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Posts from the ‘Motor Sport’ Category

A target date

A recent post on northumbrian : light indicates a target publication date of April 2014 – I am into the third round of editing before finalising the page count which, in turn, determines the spine thickness. Once I know this, it will be time to complete the cover design. By degrees, it is getting closer to being complete.  The northumbrian : light post featured some text from the book and this image of my grandfather, standing on Egyptian sands as the distinctive smell of burnt castor oil fills the air.

Ron Howard’s Rush

This is the week I finally got to see the much anticipated movie Rush by Ron Howard. For dramatic purposes it plays fast and loose with history but there is no denying its entertainment value.  Motor Racing from this time is one of the ‘sub-plots’ within Golf in the Wild.  By strange coincidence my racing journey ends almost exactly at the point Ron Howard chooses to start the Lauda/Hunt F1 story – with the death of Francois Cevert at Watkins Glen (although he is not named in the film).  In reality Lauda’s F1 career started long before – this photograph is from the British Grand Prix of 1972 when he was driving for March (another paid drive).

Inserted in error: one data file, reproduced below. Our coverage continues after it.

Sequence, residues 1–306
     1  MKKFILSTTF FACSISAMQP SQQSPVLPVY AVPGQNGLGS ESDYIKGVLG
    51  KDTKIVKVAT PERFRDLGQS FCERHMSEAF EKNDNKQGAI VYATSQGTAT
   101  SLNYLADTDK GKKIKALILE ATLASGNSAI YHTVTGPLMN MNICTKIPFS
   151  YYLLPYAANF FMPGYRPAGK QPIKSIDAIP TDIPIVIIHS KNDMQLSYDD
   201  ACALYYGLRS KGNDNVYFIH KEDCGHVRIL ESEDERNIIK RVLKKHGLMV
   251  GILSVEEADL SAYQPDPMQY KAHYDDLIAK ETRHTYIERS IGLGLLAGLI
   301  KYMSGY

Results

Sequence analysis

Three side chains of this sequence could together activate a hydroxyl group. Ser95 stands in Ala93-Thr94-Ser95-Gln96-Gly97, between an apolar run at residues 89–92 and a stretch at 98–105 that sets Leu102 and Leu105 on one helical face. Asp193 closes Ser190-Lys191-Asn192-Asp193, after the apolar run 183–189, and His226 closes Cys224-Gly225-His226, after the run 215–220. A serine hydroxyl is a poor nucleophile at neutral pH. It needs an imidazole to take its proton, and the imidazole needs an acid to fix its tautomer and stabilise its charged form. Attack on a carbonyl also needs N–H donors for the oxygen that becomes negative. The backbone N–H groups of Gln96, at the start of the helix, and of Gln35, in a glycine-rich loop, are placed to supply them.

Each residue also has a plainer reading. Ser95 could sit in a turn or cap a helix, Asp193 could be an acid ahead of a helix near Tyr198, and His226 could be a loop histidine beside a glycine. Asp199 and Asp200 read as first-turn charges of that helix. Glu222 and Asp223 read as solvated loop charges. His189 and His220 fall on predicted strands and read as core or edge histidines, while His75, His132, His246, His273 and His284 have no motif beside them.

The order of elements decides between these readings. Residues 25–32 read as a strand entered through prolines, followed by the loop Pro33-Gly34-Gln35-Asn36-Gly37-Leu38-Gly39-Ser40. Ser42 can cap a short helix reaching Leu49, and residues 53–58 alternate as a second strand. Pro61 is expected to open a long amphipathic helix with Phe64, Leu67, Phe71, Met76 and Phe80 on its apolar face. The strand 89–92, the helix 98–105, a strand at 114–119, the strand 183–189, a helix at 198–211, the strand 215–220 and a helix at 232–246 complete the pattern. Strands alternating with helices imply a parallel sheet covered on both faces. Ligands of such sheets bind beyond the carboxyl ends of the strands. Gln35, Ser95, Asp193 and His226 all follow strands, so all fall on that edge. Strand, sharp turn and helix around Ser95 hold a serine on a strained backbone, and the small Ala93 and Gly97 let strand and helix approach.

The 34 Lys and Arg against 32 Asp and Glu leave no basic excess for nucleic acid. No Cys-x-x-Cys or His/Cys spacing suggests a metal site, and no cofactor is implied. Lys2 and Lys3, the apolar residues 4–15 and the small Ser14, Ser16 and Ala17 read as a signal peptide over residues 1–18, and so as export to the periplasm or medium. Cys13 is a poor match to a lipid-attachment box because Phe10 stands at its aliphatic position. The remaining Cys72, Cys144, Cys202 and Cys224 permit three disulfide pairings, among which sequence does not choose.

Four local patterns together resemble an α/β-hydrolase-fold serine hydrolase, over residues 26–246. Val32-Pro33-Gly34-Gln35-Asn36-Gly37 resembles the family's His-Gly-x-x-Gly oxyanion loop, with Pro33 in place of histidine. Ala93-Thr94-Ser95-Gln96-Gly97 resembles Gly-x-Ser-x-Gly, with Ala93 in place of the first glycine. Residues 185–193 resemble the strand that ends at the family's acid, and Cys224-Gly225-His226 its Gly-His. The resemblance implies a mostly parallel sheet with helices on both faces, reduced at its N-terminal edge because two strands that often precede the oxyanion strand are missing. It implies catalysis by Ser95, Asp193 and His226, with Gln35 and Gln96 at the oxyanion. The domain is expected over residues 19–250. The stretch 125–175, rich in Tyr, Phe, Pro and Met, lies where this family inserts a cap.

A journey about speed

It is not difficult to imagine a Lola T70 Mk III let loose on this Northumberland tarmac, threading the needle’s eye at 180mph, a Chevrolet V-8 thundering towards the northern light.  This was a car I sketched on the cover of many a school exercise book, the perfect shape, the perfect mid-engined configuration, radiator to the front, the engine in front of the rear wheel line, two seats in the middle.  There are many other examples from the same era; powerful, fragile cars offering minimal protection to the fearsome professional race drivers of the late 1960s.  The version in the picture was driven by New Zealander, Paul Hawkins, approaching Lodge Corner at Oulton Park on a very wet afternoon, in practice for the RAC Tourist Trophy, May 25th 1969.  I stood happy in the rain, clicked my Dad’s 35mm Werra camera and captured the monster, nose-dipped under braking, hunting a dry line.